miles to go before the garden sleeps

Pardon me for paraphrasing Robert Frost. Robert Frost is one of my favorite poets, and I don’t think you can be a gardener and not like people like Robert Frost.

But I digress. (I do that…often.)

We have had a few days of rain here now and while needed, it is slowing down the gardening schedule for fall. I have daffodils to get in and fritillaria and Lily bulbs from Minnesota and other things coming. I also have a bunch of things to put in the edge of the woods and into the woods.

American plain old pretty witch hazels, Amelanchier Smokey Serviceberry, a pair of Sawtooth oaks, a Japanese Stewartia, and a Styrax japonicus aka Japanese Snowball. They will be going in spots where there are breaks in the tree canopy so it’s only partial shade and lots of dappled light.

Stewartia is deer resistant if I can keep it protected until it grows a bit. Styrax japonicus aka Japanese Snowball is also deer resistant. I know never say never, but deer never touch my witch hazels.

And serviceberry trees are deer resistant and are also considered a “firewise” plant. A “firewise” plant will have one or more of these characteristics: plant tissues contain more moisture, especially in areas during fire seasons. Plant tissues contain low amounts of volatile oils and other readily flammable chemicals. They say these so designated plants provide less fuel, either by producing less litter or by staying small.

I also have a native holly tree I’ve grown from a little tiny seedling that needs to go from its pot into the ground now that it’s tall enough. And there are a couple of others I have seen in the garden I should transplant as well. I am happy to encourage these evergreens in my woods they’re so pretty.

I still have to put the bulbs in the bed extension a dog but other than that it is set for its initial planting and I think it’s going to be pretty cool as it grows in.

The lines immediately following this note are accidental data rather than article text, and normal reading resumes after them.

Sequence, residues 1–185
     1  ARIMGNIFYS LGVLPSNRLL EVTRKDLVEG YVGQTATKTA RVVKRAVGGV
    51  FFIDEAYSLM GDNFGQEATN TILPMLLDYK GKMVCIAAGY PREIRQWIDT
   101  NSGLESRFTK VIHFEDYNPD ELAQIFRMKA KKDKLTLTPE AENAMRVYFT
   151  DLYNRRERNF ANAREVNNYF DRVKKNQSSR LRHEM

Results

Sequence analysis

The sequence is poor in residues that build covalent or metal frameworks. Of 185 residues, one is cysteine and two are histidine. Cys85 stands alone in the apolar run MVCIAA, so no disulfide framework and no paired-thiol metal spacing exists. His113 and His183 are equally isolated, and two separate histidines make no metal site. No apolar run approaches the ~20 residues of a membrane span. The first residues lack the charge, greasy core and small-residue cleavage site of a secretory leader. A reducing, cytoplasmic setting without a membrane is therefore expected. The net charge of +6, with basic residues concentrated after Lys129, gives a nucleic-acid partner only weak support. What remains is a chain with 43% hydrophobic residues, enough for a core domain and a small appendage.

Fall is also about just looking at the different looks that the garden has now changed into. I am probably in the minority of standing in the garden in the rain type of people. But it’s so beautiful.

The deer are behaving a little better for the time being. I have been rotating the deer repellent and I added another kind. and yes I am still the woman that yells at deer. When I plant my new things in the woods and on the edge of the woods in woodland beds I will be surrounding each plant with its own little fence structure until it gets established. And even if they are deer resistant I am still going to hang a little deer resistant thing on each little fence structure.

But the colors of the fall garden are kind of coming into their own and getting ready to end all at the same time. It’s really pretty, a literal cornucopia of color.

I am also now wandering around my garden wondering about things I should move or split. Like perennials. I dug up, split, and moved a Sorbet peony that was getting choked out by other plants. I have a second one I might do the same to, I have to see where it might go.

Anyway just a little rainy day garden daydreaming.

Happy gardening.


  1. Very nice post today! And, no, you’re not the only one that walks in the rain viewing and enjoying their garden! I walk around my property all year so that includes wet/cold/muddy spring weather, hot sunny summer weather, cool/crisp/rainy fall weather, and snowy winters! I love your meandering . . . .


  2. Beautiful fall colors in your garden. I also have so much to do here in my Forest Hill, MD garden where we have also had days of rain. Everything is wet and covered in leaves. Someone couldn’t get up our steep driveway yesterday because of all the wet leaves – – – one small downside to living somewhere surrounded by woods.

    I have scheduled installation of a fence around the vegetable garden. It is just so demoralizing to nurse my plants from seedlings to have them mowed down by deer. Hopefully the fence will blend in, keep the varmints out, and give me piece of mind.

    Good luck with your fall chores!


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